Two eleven-year-olds became the top contributors for a fundraiser benefiting childhood cancer on Saturday, by shaving their heads to help Fulton’s Gate Irish Pub exceed its $6,000 goal.
The event contributed over $8,000 to the St. Baldrick’s Foundation, a charity that raises money and awareness for children with cancer. This is the first time the pub surpassed its goal in the three years that it has been hosting the fundraiser, due largely in part to the two sixth-graders, Daclan Lukowski and Kyle Toscanini.
“I want to help end this disease, because I know it takes lots of people every year, so I decided to sign up for it,” Lukowski said. He raised over $2,200 and dyed his hair blue before he shaved it, in honor of a relative who passed away from colon cancer.
“I’m probably going to do it every year,” Toscanini said. Inspired by his best friend, Toscanini raised $1,300 to shave his head too.
His mom, Jennifer Toscanini, told of her son’s enthusiasm for the event. “He came home and said, ‘can I shave my head for childhood cancer mom? Because some kids get really sick and they don’t ever get better,’” she said. “I am so unbelievably proud of him, it’s such a wonderful feeling to see that your child cares that much.”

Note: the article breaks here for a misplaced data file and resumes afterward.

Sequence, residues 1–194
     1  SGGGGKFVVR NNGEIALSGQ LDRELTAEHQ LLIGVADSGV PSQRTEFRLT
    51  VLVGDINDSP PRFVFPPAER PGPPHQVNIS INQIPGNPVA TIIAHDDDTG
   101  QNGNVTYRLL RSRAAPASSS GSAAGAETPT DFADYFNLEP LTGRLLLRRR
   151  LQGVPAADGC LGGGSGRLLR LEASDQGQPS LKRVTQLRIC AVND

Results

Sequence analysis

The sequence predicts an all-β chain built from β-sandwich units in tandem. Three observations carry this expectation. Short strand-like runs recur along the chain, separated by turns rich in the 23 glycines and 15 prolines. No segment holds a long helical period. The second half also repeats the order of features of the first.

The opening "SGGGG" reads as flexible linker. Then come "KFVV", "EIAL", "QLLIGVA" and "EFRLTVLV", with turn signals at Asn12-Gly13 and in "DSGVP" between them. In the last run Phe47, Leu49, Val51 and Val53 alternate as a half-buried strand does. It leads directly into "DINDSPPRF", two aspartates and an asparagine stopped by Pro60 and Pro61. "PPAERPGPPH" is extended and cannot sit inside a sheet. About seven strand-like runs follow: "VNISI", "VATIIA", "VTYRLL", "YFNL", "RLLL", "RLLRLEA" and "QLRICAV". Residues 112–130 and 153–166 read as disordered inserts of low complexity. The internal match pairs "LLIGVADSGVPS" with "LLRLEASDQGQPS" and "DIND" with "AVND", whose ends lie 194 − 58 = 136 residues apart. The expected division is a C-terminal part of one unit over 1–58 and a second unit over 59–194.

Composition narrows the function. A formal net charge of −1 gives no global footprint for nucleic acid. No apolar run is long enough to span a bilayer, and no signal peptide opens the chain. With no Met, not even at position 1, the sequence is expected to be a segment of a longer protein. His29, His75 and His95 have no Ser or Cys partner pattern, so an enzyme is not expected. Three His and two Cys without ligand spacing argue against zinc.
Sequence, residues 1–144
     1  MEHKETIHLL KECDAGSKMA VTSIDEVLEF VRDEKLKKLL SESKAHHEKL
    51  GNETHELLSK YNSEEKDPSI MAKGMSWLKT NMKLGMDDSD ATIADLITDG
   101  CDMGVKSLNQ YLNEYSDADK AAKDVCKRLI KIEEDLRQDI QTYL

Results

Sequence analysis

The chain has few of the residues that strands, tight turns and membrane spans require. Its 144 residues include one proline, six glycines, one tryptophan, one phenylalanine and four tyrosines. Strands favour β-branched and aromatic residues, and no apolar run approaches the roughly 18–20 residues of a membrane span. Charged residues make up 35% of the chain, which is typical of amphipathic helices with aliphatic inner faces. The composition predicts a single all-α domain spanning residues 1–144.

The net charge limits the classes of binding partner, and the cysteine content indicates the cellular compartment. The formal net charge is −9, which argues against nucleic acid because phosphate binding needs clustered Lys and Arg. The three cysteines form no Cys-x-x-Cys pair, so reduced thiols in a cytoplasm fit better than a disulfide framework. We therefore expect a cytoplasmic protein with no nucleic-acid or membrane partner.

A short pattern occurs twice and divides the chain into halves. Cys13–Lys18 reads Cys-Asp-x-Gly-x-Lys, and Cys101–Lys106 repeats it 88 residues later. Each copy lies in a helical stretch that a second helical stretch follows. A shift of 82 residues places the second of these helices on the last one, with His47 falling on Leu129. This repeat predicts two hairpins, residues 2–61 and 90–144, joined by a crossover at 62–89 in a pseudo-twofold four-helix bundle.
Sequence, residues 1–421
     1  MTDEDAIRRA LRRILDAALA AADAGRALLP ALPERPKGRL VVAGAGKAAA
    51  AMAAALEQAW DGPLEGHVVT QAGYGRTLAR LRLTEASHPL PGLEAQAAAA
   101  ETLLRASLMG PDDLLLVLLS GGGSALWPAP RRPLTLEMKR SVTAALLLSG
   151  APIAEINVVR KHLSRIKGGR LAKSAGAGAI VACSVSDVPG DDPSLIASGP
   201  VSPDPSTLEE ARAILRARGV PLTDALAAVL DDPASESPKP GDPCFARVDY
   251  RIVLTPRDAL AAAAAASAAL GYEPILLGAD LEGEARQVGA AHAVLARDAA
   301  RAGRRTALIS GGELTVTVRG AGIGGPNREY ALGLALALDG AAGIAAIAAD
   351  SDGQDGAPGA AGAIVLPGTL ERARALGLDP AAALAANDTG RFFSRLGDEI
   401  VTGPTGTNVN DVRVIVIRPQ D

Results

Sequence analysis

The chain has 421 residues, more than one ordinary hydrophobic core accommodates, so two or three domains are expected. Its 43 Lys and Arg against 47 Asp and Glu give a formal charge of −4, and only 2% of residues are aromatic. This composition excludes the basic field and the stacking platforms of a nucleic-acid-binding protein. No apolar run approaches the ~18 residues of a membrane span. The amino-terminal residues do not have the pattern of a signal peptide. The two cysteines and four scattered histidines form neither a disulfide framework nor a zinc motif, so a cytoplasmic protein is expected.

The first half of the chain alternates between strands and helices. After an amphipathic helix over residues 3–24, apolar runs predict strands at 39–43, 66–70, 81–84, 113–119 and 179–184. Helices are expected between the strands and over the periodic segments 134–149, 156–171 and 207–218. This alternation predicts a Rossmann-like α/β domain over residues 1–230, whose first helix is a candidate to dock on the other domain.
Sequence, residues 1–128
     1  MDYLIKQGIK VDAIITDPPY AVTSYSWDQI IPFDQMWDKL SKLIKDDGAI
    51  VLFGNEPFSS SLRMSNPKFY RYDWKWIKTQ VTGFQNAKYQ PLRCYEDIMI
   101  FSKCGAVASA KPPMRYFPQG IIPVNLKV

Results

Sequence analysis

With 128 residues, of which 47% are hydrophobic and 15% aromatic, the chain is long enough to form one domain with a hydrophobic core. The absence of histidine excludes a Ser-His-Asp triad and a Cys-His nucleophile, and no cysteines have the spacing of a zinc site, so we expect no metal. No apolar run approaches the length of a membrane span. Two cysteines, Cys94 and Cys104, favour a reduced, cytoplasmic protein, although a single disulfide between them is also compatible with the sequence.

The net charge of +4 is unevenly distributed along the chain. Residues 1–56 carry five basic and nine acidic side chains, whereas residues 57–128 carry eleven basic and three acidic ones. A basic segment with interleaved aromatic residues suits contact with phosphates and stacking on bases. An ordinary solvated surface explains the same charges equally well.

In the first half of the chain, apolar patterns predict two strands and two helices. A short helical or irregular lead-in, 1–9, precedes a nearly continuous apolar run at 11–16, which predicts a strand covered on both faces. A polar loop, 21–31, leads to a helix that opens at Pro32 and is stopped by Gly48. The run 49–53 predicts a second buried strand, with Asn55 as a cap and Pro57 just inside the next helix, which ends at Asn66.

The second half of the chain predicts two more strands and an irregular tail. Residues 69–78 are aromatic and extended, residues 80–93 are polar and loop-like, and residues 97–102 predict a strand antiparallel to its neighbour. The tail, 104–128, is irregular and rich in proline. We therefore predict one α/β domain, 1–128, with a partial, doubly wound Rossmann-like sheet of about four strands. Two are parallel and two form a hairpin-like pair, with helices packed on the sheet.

The charity promotes similar shaving events throughout March every year.
“We want to not only be able to cure all childhood cancer one day, but also make sure during the treatments kids have, that they’re not suffering from side effects,” Cristine Lovato, media manager for the foundation, said. “People from all different ages and backgrounds come together for one common cause.”
A few years ago, it was revealed that organizations were spending more money on their administrative and internal fees than they were donating to cancer research. In 2012, Susan G. Komen for the Cure came under scrutiny for only donating around 20 percent of its funds to cancer research. St. Baldrick’s donates 77 percent of its funds, according to Charity Navigator.
An integral element to these events are the professionals who donate their time to shave hair.
“It makes me happy, it’s good to just do good things for people sometimes,” Kristine Murillo, a hairstylist, said. She owns Fedora Lounge, a hair salon in Port Jefferson. “There’s really nothing not to like about it.”
While having no hair might seem like a big adjustment to some, others are honored to show their support.
“I think people have a fear of shaving their head because they are so exposed to what they look like in public,” Brian Caffrey said. Caffrey’s a nurse at Stony Brook University Hospital and works with pediatric cancer patients four days each week.
For Lukowski’s mother, Kerry, the event is an emotional one. “I was literally in tears, the whole place was clapping and cheering.”